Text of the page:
2.50
Hdl Handle:
http://hdl.handle.net/10755/161142
Type:
Presentation
Title:
Barriers and Facilitators to Condom use: Evidence from focus groups in Malawi
Abstract:
Barriers and Facilitators to Condom use: Evidence from focus groups in Malawi
Conference Sponsor:Midwest Nursing Research Society
Conference Year:2005
Author:Chipeta, Clara
P.I. Institution Name:University of Illinois at Chicago
Title:Predoctoral Student
Contact Address:College of Nursing, 221 North Oak Park Ave. Apt. 3W, Oak park, IL, 60302, USA
Contact Telephone:312 355 3829
Co-Authors:Kathleen Norr, Professor; Marie Talashek, Professor; and Chrissie Kaponda, Associate Dean
PROBLEM STATEMENT: Despite rising rates of HIV infections in Malawi and the importance of condom use as an effective preventive measure, most people do not use condoms. The purpose of this study was to identify barriers and facilitators to condom use in Malawi. DESCRIPTION OF SUBJECTS: Thirty-two men and fifty-nine women were recruited from teacher training colleges, a nursing college, banks, and peri-urban prenatal clinics in Lilongwe and Blantyre. METHOD: This qualitative-descriptive study used eight focus groups originally conducted to identify HIV prevention issues in Malawi. Data were analyzed for themes related to condom use using Atlas.ti 4.2 software. RESULTS: Suggesting condom use raises strong trust issues in sexual relationships such as suspicions of infidelity and promiscuity. Other barriers to condom use included desire for procreation, lack of knowledge about condom effectiveness and correct use, difficulties in accessing and procuring condoms, and interference with people's sexual pleasure. Most people expressed negative attitudes toward condoms. Nevertheless, others reported positive attitudes about condoms because they felt cleaner, experienced delayed ejaculation, and enjoyed protection from diseases. A few participants believed that some people deliberately did not use condoms with the aim of infecting others. Despite common convictions about churches not advocating condom use, none of the participants mentioned this as a barrier to using condoms. DISCUSSION: These results imply that HIV prevention and condom use messages in Malawi need to address issues of trust in sexual relationships. Education on condom usage and effectiveness is important to improve people's confidence in using condoms. Strategies to increase condom availability and accessibility need to be put in place. Promotion of positive attitudes towards condoms and their effectiveness in preventing disease transmission should be included in prevention programs. KEYWORDS: condoms, barriers, facilitators (Poster Presentation)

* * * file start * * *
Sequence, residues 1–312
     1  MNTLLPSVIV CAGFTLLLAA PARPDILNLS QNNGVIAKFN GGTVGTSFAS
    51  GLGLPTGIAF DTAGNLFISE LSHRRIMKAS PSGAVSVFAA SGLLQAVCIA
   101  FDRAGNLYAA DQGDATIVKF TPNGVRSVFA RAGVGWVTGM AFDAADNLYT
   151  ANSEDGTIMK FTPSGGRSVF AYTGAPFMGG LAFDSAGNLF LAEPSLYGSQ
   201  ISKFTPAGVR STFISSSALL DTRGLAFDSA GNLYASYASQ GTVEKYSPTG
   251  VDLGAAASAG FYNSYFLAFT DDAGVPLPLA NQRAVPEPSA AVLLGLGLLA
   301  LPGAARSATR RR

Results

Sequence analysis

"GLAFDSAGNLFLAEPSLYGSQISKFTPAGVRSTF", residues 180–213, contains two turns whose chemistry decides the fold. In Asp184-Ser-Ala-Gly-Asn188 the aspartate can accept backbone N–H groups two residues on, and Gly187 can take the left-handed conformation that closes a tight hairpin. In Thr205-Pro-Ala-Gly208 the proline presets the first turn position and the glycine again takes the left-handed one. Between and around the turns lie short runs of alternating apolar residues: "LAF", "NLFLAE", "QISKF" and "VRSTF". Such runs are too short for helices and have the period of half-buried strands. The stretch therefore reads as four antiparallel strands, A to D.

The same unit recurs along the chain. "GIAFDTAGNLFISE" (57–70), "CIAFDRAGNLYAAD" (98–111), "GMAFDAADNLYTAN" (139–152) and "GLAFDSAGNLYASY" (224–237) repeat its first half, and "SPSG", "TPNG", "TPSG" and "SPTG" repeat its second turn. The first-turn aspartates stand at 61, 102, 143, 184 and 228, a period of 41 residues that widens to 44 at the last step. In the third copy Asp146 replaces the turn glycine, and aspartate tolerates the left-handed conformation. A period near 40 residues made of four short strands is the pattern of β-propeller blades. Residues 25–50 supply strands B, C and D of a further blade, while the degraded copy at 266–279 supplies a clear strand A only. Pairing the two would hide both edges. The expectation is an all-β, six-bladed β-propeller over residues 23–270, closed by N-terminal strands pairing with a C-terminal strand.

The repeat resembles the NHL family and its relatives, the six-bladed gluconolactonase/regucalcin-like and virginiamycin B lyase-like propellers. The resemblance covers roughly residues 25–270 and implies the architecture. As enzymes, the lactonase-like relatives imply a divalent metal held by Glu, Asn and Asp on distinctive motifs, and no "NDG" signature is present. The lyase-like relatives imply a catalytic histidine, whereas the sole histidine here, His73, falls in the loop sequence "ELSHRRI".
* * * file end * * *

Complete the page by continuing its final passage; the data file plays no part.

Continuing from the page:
Repository Posting Date:
26-Oct-2011
Date of Publication:
17-Oct-2011
Sponsors:
Midwest Nursing Research Society

Full metadata record

DC FieldValue Language
dc.typePresentationen_GB
dc.titleBarriers and Facilitators to Condom use: Evidence from focus groups in Malawien_GB
dc.identifier.urihttp://hdl.handle.net/10755/161142-